I’ve gotten some recent feedback from some of the articles I recently have written on earning money online. Some people are especially interested, as I am, in how a person could make money teaching English, online. I thought I would throw out a few thoughts and further clarifications.
First of all, let’s look at the online/off line question. Many people, even though I meet them online, are particularly doubtful … occasionally even hostile … toward the idea of making money online. OK, with me, fair enough, because everyone has freedom of choice … but I am not interested in off line ‘dirt based’ jobs. If you do a simple search using Google or whatever your favorite search engine is, you will find dozens of sites that are focused on conventional jobs in the Philippines … along with all the attendant downsides … visas, commuting, taxes, low pay, long working hours, poor benefits, et al. You’re welcome to drift on in that direction but just fair warning that you won’t get much info here on those sorts of jobs. Don’t have one, don’t want one, ain’t interested.
The other day I had a phone call with a PhilFAQS regarding some business ideas. The reader (who is involved in a number of labor-intensive “dirt based” businesses back in the USA, and likely works a lot harder than I do) tasked me what I was doing, business-wise, commenting that they noticed I had some “web sites”. I replied that was my business and the response was a bit of a disbelieving, “Oh, I see”. Totally uncomprehending. Hardly a clue. If I don’t go to an office every day and have other people deciding how much I earn it must not be a business.
I don’t work that hard and I don’t consider my online businesses a full time income at this time … I don’t want a full time business … but I guarantee I make more than a lot of independent business folk in the US, especially those still trying to milk dead cows like the real estate market, investment counseling, etc. And I certainly make more than many who have jobs … especially those who are laid off or on furlough and who hope they still have a job. I don’t fill up applications, I can not be fired and I won’t be laid off … period.
That is why I’m much more aligned with the on line world. It’s pretty simple. You really should start thinking this way too. You can set your own hours, you can pick what line of work you want to do, if you want to teach, you can teach who and what you please and whatever money you make is yours, not some rich middleman who will be retired in Hawaii while you are trying to make ends meet. An example.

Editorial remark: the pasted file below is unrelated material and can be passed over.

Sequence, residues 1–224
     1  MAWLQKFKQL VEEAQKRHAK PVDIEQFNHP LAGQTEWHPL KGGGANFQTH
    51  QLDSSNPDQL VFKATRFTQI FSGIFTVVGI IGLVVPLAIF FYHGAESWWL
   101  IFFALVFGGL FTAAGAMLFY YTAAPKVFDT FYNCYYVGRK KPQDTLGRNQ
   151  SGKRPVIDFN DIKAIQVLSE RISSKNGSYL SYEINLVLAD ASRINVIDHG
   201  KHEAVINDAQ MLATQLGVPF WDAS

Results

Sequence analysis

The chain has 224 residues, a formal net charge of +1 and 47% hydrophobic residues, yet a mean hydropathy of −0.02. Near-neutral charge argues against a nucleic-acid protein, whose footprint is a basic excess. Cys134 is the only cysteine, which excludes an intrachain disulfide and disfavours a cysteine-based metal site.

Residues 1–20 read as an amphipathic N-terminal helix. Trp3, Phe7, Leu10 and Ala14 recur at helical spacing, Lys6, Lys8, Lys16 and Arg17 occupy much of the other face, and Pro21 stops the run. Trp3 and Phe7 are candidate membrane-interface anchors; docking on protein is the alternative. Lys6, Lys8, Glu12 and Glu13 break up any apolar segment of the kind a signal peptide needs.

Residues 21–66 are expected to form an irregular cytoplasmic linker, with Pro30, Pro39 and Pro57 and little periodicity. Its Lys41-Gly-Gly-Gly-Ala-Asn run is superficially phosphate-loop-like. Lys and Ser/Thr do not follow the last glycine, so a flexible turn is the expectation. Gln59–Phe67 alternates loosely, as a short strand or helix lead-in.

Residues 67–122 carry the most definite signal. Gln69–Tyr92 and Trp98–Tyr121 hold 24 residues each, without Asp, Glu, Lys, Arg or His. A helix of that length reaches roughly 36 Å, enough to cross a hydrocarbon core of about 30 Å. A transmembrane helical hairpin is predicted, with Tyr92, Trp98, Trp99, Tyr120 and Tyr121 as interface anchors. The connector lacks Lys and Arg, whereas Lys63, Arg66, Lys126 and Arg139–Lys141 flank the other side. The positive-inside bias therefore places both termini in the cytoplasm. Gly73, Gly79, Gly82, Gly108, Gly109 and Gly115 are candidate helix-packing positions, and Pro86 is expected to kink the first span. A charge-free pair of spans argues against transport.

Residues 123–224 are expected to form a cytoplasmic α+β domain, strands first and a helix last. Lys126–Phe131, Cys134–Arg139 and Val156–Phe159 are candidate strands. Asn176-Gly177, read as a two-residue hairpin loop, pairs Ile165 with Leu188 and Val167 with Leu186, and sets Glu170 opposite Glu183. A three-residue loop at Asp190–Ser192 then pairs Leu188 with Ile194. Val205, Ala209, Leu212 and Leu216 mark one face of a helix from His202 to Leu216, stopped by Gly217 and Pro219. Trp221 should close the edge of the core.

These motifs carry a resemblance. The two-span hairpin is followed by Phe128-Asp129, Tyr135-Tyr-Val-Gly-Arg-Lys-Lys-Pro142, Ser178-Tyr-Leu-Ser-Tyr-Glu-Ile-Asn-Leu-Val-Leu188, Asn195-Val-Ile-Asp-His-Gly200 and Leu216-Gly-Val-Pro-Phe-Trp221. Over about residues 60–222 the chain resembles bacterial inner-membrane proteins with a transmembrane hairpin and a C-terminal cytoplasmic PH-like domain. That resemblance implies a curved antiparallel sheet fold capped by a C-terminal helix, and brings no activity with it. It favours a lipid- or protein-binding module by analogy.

A fellow I know pretty well moved to the Philippines from his home country with little or no monthly income. He had relatively little trouble finding a job, right off the bat, as a classroom teacher in a school of English that catered strictly to Korean students. Korean students who came to the Philippines specifically to learn … more correctly to improve … their English. Most have no interest in the Philippines and were marking the time until they could return home. Now why would they come to the Philippines if they had no real interest in living here?
Simple. The conventional language schools for foreigners here in the Philippines are _c_h_e_a_p_. Koreans of means send their children to schools in Korea, those who can’t afford “good” schools send their children to the Philippines as a second or third choice. Anybody here have any experience in retail, especially the service segment of the industry and people who shop strictly by price? Yep, you’re right. You get a class of people who are mad because they know they had to settle for what they perceive as second rate. People who don’t want to be here, and people who aren’t particularly happy either dealing with Filipino businessmen collecting the tuition or various other foreigners teaching English ACAP .. As Cheap As Possible.
This is not at all an environment I would like to be in. My foreigner friend didn’t like it either. He worked (Illegally, of course … an illegal immigrant with all the baggage that goes along with that …. 6 and 7 days a week for about $10 USD an hour (actual classroom teaching hours, not 8 hours a day)) … only long enough to save enough money for tickets home for himself and his family. He flew back home with a bad taste in his mouth, a depleted bank account and no desire, ever, to return to the Philippines.
Again and again people write, telling me how much they hate their current jobs and how much they want a job in the Philippines. Again and again I tell people they probably don’t want a job here, since jobs here tend to be a lot worse than the job they are currently i, and if you hate jobs, as I do, then what makes you think you’ll suddenly like working in the Philippines … even if you do find a legal job?
Tune in tomorrow for a better alternative.